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I have dynamically allocated 2D array. Here is the code

int **arrofptr ;
arrofptr = (int **)malloc(sizeof(int *) * 2);
arrofptr[0] = (int *)malloc(sizeof(int)*6144);
arrofptr[1] = (int *)malloc(sizeof(int)*4800);

Now i have to know that how many bytes are allocated in arrofptr,arrofptr[0],arrofptr[1]? is there any way to know the size?

if we will print


then it will print 4.

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No - you just have to keep track of this yourself. – Paul R Sep 28 '12 at 6:34
the size of the pointers is usually 4, this is why you got 4. the bytes which allocated are in the parameter of the malloc(...), in your case these are sizeof(int) * 6144 and sizeof(int) * 4800... ... ... – holex Sep 28 '12 at 7:15
This is not a 2d array, it is a bunch of segmented arrays with an array of pointers to keep track of them. For info of how to properly allocate 2d arrays dynamically, read this. Also, you should never typecast the result of malloc. – Lundin Sep 28 '12 at 7:25

You can't find size of arrofptr, because it is only a pointer to pointer. You are defining an array of arrays using that. There's no way to tell the size information with only a pointer, you need to maintain the size information yourself.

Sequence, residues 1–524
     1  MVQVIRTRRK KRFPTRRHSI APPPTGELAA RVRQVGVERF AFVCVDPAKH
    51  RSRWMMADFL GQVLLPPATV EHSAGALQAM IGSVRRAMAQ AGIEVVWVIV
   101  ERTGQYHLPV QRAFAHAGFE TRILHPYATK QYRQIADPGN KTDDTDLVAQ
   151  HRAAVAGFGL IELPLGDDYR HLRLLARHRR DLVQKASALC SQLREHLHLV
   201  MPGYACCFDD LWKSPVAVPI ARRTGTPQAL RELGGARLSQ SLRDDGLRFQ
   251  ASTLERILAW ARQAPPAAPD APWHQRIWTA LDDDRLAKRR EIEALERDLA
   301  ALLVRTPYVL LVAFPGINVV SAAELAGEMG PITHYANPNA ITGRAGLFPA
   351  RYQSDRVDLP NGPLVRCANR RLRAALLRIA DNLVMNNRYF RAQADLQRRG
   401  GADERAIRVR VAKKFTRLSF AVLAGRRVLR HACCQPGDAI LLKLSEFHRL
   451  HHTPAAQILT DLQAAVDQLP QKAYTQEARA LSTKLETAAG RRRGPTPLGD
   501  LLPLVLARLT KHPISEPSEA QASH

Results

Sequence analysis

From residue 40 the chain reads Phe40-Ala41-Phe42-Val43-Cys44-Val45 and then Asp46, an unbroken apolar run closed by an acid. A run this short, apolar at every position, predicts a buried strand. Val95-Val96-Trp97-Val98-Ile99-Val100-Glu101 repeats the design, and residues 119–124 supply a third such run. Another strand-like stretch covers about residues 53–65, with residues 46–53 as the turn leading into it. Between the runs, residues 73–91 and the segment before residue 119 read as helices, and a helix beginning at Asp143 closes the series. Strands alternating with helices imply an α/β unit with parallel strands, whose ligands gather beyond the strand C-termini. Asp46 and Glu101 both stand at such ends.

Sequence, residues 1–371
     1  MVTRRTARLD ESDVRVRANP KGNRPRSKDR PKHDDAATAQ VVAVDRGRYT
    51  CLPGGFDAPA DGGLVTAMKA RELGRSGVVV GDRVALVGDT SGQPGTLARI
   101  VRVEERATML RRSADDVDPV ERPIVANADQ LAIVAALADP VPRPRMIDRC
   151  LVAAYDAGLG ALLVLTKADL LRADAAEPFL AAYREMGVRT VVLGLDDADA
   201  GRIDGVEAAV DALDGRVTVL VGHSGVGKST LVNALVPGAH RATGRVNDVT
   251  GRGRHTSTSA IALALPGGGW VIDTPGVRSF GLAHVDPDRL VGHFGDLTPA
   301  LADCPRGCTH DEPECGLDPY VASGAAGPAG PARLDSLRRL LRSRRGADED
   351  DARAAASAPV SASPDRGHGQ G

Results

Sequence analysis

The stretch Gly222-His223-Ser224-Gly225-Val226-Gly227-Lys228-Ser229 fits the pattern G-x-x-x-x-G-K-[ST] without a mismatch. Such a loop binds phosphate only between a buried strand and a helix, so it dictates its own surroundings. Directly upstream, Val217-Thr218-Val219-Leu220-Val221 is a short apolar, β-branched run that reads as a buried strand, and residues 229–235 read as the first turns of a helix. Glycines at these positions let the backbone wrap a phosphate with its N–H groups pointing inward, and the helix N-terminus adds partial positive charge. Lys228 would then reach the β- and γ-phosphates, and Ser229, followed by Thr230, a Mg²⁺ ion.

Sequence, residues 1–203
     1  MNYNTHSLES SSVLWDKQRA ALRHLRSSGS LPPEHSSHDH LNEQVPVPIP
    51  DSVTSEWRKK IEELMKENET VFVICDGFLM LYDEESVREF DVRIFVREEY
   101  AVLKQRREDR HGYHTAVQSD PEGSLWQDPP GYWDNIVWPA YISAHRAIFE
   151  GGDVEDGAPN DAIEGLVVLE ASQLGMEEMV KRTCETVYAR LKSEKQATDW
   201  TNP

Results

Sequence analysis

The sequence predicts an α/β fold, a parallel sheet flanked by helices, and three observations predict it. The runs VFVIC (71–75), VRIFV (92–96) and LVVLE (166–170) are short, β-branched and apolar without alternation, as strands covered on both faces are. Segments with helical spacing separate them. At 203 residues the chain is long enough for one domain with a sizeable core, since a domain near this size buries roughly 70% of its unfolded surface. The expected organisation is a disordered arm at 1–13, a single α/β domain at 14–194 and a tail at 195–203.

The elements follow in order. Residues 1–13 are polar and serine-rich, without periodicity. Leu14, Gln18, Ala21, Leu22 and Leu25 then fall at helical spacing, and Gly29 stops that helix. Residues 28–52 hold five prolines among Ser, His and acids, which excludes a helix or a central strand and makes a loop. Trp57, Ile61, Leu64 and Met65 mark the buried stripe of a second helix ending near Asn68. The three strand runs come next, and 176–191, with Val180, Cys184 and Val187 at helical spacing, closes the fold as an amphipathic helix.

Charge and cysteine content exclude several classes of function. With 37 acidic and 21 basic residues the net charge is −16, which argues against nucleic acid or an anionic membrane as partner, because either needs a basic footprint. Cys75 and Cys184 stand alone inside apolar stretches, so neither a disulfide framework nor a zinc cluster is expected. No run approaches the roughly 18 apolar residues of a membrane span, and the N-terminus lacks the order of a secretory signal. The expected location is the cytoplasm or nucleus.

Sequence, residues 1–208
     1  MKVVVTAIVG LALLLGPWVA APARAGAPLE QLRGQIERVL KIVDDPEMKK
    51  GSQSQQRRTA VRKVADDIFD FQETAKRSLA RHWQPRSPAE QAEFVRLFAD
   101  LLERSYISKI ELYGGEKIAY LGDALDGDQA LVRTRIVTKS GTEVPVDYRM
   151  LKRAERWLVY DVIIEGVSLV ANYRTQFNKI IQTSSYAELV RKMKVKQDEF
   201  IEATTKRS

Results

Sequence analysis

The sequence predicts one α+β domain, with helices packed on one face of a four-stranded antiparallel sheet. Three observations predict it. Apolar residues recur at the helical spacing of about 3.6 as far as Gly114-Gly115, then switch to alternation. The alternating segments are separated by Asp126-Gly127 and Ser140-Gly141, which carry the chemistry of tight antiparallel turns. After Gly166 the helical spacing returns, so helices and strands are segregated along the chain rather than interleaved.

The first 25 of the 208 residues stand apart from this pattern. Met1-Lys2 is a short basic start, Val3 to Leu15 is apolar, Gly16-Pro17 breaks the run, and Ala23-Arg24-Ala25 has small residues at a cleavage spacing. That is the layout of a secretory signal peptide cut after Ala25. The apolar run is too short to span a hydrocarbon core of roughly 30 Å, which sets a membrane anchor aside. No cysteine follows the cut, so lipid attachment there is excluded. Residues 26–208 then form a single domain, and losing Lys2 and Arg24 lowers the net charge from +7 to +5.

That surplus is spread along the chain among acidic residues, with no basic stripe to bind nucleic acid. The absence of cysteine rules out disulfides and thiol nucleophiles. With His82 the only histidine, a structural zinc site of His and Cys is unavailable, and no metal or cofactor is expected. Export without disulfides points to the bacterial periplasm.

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The only return value you get from malloc() is a pointer to the first byte of the allocated region (or NULL on failure). There is no portable, standard, way of getting the associated allocation size from such a pointer, so in general the answer is no.

The C way is to represent arrays and buffers in general with a pair of values: a base address and a size. The latter is typically of the type size_t, the same as the argument to malloc(), by the way.

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if you want to keep track of the size of an allocated block of code you would need to store that information in the memory block that you allocate e.g.

// allocate 1000 ints plus one int to store size

int* p = malloc(1000*sizeof(int) + sizeof(int)); 
*p = (int)(1000*sizeof(int));
p += sizeof(int);


void foo(int *p)
  if (p)
    printf( "p size is %d bytes", *p );

alt. put in a struct

  int size;
  int *array;
} s;
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